The USPTO recently proposed changes which would force foreign trade mark applicants to engage a US-based attorney, in a bid to limit inaccurate and fraudulent applications by self-filers. The proposed changes, published through a Notice of Proposed Rulemaking (NPR) on 15 February 2019, will affect foreign applicants who would otherwise be allowed to file trade marks directly with the USPTO without engaging an authorized US attorney.
The NPR Summary reads: The United States Patent and Trademark Office (USPTO or Office) proposes to amend the Rules of Practice in Trademark Cases and also the rules regarding Representation of Others Ahead of the Invent Help to require applicants, registrants, or parties to a proceeding whose domicile or principal place of business will not be located within the usa (U.S.) or its territories (hereafter foreign applicants, registrants, or parties) to get represented by legal counsel who is an energetic member in good standing of the bar in the highest court of the state inside the U.S. (including the District of Columbia and any Commonwealth or territory of the U.S.). A requirement that such foreign applicants, registrants, or parties be represented by a qualified U.S. attorney will instill greater confidence within the public that U.S. registrations that issue to foreign applicants are not susceptible to invalidation for reasons such as improper signatures and use claims and enable the USPTO to more effectively use available mechanisms to enforce foreign applicant compliance with statutory and regulatory requirements in trademark matters.
At Michael Buck IP, we already work closely with a number of licensed US attorneys who will still assist with expanding protection of our own client’s trade marks into the usa. No changes to such arrangements will be necessary and that we remain offered to facilitate US trade mark applications for our local clients.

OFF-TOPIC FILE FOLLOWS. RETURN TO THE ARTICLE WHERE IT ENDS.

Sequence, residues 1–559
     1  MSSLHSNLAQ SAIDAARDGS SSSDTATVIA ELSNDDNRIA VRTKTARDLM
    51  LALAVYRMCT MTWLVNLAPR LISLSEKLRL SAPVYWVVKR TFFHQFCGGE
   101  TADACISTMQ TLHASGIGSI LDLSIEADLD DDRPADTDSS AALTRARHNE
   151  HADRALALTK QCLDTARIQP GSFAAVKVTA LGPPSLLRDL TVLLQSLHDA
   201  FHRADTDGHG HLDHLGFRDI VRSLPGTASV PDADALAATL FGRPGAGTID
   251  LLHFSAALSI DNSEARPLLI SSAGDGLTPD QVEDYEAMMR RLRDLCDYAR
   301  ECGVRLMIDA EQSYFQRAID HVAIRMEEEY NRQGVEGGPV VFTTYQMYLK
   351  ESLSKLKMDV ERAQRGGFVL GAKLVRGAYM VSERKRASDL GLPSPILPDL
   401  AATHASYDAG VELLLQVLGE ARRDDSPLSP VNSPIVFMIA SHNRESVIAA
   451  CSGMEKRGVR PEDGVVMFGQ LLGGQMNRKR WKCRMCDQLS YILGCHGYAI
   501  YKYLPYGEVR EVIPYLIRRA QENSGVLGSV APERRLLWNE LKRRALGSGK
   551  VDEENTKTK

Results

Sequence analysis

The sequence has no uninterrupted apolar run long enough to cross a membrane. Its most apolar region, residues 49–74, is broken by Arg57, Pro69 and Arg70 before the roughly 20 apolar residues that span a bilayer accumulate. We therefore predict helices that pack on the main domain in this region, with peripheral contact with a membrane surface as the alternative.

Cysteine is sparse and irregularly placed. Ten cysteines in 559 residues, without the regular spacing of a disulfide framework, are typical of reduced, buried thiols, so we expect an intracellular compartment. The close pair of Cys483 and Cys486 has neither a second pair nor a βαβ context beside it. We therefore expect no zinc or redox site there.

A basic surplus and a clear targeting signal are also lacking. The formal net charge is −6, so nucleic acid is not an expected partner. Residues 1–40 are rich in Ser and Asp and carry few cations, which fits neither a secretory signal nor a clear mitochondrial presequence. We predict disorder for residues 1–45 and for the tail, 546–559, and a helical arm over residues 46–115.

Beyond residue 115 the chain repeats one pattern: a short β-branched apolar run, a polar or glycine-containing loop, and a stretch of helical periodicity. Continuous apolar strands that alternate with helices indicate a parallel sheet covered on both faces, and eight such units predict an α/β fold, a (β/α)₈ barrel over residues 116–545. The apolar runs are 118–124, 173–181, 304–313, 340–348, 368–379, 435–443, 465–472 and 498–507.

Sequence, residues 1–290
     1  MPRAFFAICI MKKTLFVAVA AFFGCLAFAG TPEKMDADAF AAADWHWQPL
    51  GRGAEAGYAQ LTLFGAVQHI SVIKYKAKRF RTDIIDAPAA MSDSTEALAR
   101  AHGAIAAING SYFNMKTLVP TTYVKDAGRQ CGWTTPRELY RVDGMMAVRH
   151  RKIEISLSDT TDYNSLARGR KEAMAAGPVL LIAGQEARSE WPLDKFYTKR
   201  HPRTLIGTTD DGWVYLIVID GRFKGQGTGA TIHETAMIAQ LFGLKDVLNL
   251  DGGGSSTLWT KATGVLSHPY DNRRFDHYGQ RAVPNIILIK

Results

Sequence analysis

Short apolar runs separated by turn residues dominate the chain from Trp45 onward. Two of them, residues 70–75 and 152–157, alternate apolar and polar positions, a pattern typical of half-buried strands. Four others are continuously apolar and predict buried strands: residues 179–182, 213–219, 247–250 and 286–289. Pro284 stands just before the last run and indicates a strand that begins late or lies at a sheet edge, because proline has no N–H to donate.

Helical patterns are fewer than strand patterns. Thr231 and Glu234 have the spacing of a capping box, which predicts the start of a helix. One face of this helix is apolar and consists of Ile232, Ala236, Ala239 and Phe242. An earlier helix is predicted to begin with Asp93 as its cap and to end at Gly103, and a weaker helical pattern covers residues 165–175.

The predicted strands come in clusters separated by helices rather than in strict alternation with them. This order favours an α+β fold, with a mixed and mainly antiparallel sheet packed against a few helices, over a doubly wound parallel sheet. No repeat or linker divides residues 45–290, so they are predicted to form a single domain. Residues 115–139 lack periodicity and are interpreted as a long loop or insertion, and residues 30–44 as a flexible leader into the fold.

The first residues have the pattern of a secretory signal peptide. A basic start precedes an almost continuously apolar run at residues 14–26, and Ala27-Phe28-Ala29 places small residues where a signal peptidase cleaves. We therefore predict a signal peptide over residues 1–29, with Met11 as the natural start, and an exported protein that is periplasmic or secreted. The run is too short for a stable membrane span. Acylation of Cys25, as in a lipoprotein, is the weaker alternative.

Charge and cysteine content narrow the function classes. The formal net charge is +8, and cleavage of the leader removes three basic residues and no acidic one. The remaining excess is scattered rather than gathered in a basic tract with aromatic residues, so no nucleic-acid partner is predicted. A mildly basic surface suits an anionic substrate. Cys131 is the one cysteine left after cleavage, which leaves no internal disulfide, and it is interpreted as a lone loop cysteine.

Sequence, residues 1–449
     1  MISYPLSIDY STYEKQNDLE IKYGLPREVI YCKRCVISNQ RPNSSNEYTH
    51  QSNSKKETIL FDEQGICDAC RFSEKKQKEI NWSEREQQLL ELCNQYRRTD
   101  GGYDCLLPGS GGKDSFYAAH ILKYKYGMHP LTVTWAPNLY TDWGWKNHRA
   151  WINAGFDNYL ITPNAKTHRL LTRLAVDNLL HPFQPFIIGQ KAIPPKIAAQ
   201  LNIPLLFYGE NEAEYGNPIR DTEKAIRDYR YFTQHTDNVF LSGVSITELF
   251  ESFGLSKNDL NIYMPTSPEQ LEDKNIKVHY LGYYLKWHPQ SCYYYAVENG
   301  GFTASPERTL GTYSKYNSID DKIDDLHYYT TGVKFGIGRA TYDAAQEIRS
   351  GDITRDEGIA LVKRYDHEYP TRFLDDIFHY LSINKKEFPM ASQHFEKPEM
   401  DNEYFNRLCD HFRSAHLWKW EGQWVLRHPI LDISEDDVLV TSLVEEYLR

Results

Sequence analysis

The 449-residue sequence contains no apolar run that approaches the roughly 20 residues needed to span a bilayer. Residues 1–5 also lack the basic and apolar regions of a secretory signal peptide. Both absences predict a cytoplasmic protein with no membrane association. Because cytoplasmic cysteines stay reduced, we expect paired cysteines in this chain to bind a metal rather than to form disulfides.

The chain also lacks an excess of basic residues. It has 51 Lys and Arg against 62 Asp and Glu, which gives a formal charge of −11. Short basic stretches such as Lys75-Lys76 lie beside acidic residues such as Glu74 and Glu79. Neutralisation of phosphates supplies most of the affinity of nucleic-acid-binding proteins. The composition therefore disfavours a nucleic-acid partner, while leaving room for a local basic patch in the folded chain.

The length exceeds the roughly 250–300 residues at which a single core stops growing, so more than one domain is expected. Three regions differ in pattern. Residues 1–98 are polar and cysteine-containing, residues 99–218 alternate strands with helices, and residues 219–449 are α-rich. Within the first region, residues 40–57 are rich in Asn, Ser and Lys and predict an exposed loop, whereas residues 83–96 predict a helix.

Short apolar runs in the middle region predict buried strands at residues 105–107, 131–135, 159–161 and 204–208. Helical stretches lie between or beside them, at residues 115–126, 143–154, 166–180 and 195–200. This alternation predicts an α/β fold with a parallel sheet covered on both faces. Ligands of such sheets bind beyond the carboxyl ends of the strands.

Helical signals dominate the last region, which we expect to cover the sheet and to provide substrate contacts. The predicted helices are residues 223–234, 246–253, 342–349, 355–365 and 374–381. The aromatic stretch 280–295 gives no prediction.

United States Of America designations filed through the Madrid protocol will fall inside the proposed new requirements. However, it is actually anticipated the USPTO will review procedures for designations which proceed to acceptance on the first instance in order that a US Attorney do not need to be appointed in this instance. Office Actions will need to be responded to by qualified US Attorneys. This modification will affect self-filers into the United States – our current practice of engaging a US Attorney to answer Office Actions on the part of our local clients will never change.
A large change is placed ahead into force for Australian trade mark owners, who, from 25 February 2019, will no longer be capable of rely on the commencement of infringement proceedings as a defence to groundless threats. Currently, a trade mark owner who commenced infringement proceedings against another party was exempt from the cross-claim of groundless or unjustified threats. However, this may soon no longer be possible.
This amendment towards the Trade Marks Act will take consistency throughout the New Invention Ideas, Designs Act, Plant Breeder’s Rights Act and the Trade Mark Act, which up to now, was the only act to enable this defence. We expect that removing this area of the Trade Marks Act will permit the “unjustified threats” provisions of the Trade Marks Act to become interpreted just like the Patents Act. Thus, we believe chances are that in the event that infringement proceedings are brought against a party who fwhdpo ultimately found not to be infringing or perhaps the trade mark can be found to get invalid, the trade mark owner is going to be deemed to get made unjustified or groundless threats.
Additionally, a new provision will likely be added to the Inventhelp Company, Designs Act, Trade Marks Act and Plant Breeder’s Rights Act affording the legal court the power to award additional damages in the event that one is deemed to get made unjustified threats of proceedings for infringement. The court will consider a number of factors, like the conduct in the trade mark owner after making the threat, any benefit derived from the trade mark owner through the threat and the flagrancy of the threat, in deciding whether additional damages have to be awarded up against the trade mark owner.